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EU country with the best lifestyle?
April 24, 2010 5:16 PM   Subscribe

EU country with the best lifestyle?

Which country in the EU has the best lifestyle with respect to how they approach work, eating and living life.

The lifestyle in North America is hardworking and that's a good quality but my long term goal (2 years from now?) is to live somewhere people value their free time a bit more and know how to eat delicious healthy meals normally and enjoy things more slowly.

And where family values are strong and appreciated.

It also wouldn't hurt to live near the sea either.

I have papers to work in the EU. Language is a barrier but not that big of an issue as I'm sure there will be at least some English speaking people, especially at my job.

I enjoyed my time in Istanbul for a few months. It wasn't the EU but I felt different than in NYC where its hectic and cortisol inducing.

Maybe I'm just thinking the grass is greener but I feel like there has to be a better way to live life.
posted by simpleton to Society & Culture (37 answers total) 14 users marked this as a favorite
 
Norway
posted by fire&wings at 5:22 PM on April 24, 2010


Norway is not in the EU. I'd say Denmark.
posted by zeikka at 5:25 PM on April 24, 2010


I second Norway, although it's not EU.
posted by Dimpy at 5:28 PM on April 24, 2010


Hmmm... I was thinking of something a little more southern like Spain because of the weather and siesta time and it just sounds more romantic


....but I should rethink things perhaps..
posted by simpleton at 5:30 PM on April 24, 2010


Maybe I'm an optimist, but it seems like it would be possible to eat delicious meals and value your free time no matter where you lived.
posted by box at 5:35 PM on April 24, 2010 [9 favorites]


I've probably spent 3 months in Belgium (Brussels, mostly) on various work-related trips there, and I would move there in a heartbeat. Since you specifically mentioned food as a quality-of-life thing for you, as it is for me, I have to say that the food in Brussels is better than in any other European city I've visited, including Paris, Milan, and Vienna.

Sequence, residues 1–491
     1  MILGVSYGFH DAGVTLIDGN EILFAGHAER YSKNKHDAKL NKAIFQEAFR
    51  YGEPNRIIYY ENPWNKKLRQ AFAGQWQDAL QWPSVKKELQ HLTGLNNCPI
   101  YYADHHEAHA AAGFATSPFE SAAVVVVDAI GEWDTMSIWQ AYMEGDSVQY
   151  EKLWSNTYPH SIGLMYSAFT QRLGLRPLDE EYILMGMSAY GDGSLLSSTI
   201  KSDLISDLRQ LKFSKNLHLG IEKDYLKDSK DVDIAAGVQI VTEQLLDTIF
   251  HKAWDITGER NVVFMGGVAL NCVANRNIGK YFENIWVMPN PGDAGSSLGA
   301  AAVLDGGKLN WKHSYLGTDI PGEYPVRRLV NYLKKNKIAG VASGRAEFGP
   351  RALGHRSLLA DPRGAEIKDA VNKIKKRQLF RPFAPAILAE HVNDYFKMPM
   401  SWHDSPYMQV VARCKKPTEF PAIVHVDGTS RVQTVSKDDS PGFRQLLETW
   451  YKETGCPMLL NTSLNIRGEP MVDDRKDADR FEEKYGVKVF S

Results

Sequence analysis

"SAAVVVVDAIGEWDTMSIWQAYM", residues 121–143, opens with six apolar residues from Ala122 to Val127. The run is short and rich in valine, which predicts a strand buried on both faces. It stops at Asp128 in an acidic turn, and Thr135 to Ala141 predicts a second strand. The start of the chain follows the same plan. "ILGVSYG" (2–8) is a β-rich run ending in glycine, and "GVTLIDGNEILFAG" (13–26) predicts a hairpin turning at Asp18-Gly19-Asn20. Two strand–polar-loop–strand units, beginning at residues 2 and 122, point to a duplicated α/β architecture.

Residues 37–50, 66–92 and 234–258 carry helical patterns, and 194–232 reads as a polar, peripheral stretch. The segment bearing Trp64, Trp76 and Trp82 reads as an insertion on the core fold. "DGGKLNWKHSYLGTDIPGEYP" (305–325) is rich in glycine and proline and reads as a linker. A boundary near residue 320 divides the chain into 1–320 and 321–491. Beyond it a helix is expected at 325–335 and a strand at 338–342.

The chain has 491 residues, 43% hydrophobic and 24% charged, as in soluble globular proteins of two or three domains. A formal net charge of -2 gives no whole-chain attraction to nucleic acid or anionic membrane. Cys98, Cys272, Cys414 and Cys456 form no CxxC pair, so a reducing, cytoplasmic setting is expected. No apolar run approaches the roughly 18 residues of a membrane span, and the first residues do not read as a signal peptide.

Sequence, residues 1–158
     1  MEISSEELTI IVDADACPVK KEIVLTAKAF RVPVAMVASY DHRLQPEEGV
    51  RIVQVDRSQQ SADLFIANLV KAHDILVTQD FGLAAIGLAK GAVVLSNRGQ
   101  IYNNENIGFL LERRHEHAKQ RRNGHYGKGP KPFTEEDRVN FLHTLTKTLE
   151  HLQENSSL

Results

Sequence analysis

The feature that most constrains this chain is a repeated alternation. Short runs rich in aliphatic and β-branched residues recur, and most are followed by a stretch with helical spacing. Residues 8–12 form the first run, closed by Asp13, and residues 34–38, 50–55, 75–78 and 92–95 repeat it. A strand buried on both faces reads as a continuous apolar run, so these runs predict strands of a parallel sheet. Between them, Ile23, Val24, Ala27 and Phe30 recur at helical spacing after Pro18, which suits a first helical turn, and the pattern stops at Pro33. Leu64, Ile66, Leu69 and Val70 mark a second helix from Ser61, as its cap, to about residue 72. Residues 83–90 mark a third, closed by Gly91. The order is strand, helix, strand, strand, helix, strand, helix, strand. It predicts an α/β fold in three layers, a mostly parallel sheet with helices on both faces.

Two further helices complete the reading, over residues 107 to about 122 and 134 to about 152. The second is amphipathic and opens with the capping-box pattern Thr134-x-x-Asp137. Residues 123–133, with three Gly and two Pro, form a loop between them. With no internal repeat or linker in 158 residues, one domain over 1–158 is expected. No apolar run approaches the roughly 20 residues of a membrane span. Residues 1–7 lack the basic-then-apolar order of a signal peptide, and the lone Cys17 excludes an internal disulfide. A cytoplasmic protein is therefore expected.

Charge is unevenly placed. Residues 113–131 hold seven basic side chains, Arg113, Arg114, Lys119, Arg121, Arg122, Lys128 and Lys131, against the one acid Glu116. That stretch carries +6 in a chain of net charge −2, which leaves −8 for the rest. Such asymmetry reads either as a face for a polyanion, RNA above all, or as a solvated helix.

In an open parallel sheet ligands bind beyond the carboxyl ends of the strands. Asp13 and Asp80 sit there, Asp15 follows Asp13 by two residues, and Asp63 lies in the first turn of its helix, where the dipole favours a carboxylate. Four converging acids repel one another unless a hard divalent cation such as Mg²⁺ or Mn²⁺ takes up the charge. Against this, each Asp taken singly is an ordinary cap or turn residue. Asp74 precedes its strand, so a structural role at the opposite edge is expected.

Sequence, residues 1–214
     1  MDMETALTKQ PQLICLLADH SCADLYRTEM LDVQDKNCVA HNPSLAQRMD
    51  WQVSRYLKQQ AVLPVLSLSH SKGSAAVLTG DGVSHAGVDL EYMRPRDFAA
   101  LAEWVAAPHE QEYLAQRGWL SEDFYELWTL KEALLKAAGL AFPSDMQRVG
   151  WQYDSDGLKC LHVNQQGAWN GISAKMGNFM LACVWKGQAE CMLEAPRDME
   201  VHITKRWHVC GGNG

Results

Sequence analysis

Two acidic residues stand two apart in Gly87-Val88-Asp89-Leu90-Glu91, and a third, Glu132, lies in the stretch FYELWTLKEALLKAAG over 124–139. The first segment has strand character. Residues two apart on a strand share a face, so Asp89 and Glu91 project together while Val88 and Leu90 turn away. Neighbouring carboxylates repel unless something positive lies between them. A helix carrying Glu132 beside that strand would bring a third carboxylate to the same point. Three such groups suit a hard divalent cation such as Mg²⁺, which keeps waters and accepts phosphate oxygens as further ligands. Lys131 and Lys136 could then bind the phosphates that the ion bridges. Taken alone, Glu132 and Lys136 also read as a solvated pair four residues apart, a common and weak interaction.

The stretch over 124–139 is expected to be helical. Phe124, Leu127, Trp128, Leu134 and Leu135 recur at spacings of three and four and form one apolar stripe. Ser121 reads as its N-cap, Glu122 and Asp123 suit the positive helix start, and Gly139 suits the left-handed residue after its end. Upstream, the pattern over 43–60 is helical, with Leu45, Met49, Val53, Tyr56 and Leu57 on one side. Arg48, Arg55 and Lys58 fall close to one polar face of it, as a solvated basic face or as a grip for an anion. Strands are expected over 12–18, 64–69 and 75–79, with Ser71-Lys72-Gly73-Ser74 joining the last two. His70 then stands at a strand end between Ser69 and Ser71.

posted by deadmessenger at 5:39 PM on April 24, 2010


The OP doesn't explain the nature of his work permit, but since Norway is in the European Economic Area it may still be an option. However it would not be at the top of my list when food is one of the criteria.

Sorry, Norwegians.
posted by serathen at 5:55 PM on April 24, 2010


I've been in Spain for the past four months, and this attitude you describe exists, but it's sort of going away, at least in the bigger cities. If you need a big city like madrid or barcelona to do what you do, it's just like every other international urban center. But if you can do your job in a medium-big city like Sevilla, Spain might just fit your bill. People are pretty laid back here, average time off a year is between one and two months. Spanish people don't really eat the healthiest in terms of what goes into their food (not a lot of vegetation, a lot of bread and pig), but everything is fresh and locally sourced. If you can manage to do your job in a really rather small place, Spain is just littered with coastal cities like this.

Essentially, the larger city you are in in Spain, the less laid back it is (mind you, the baseline laid-backness is still pretty high). Also, the closer you are to the exact middle of the country, same thing (Madrid being dead-center, and yes Barcelona is more laid back than Madrid, but not by much.)

Oh, and no one really takes a siesta anymore. All of the smaller shops do close during siesta time though.
posted by The Esteemed Doctor Bunsen Honeydew at 5:55 PM on April 24, 2010


To box, you said: Maybe I'm an optimist, but it seems like it would be possible to eat delicious meals and value your free time no matter where you lived.

This is true and I try to to that but here is an analogy to explain how I feel. Let's say you live in a family that eats junk food all the time and its available in the house along with healthy food choices.

Sure one can decide to eat the healthy stuff.

But are you really not going to indulge in that twinkie more than you should, especially when everyone else is indulging?

My point is that the environment facilitates how you think, what you do. The weather, the food, the city, company culture and the people ARE important in my opinion.

Its helps make who you are I think.

When I was young I used to wonder why people travel. Its only a beach I would say. But when you get there, it changes you and over the long term it changes who you are I think.
posted by simpleton at 6:13 PM on April 24, 2010 [1 favorite]


I've never been to Belgium but someone in Istanbul repeatedly told me never to go to Belgium. Shops all close early and everything is dead. But I'll take your word that the food is great.

Thanks for the account of living in Spain.
posted by simpleton at 6:19 PM on April 24, 2010


Which country in the EU has the best lifestyle with respect to how they approach work, eating and living life.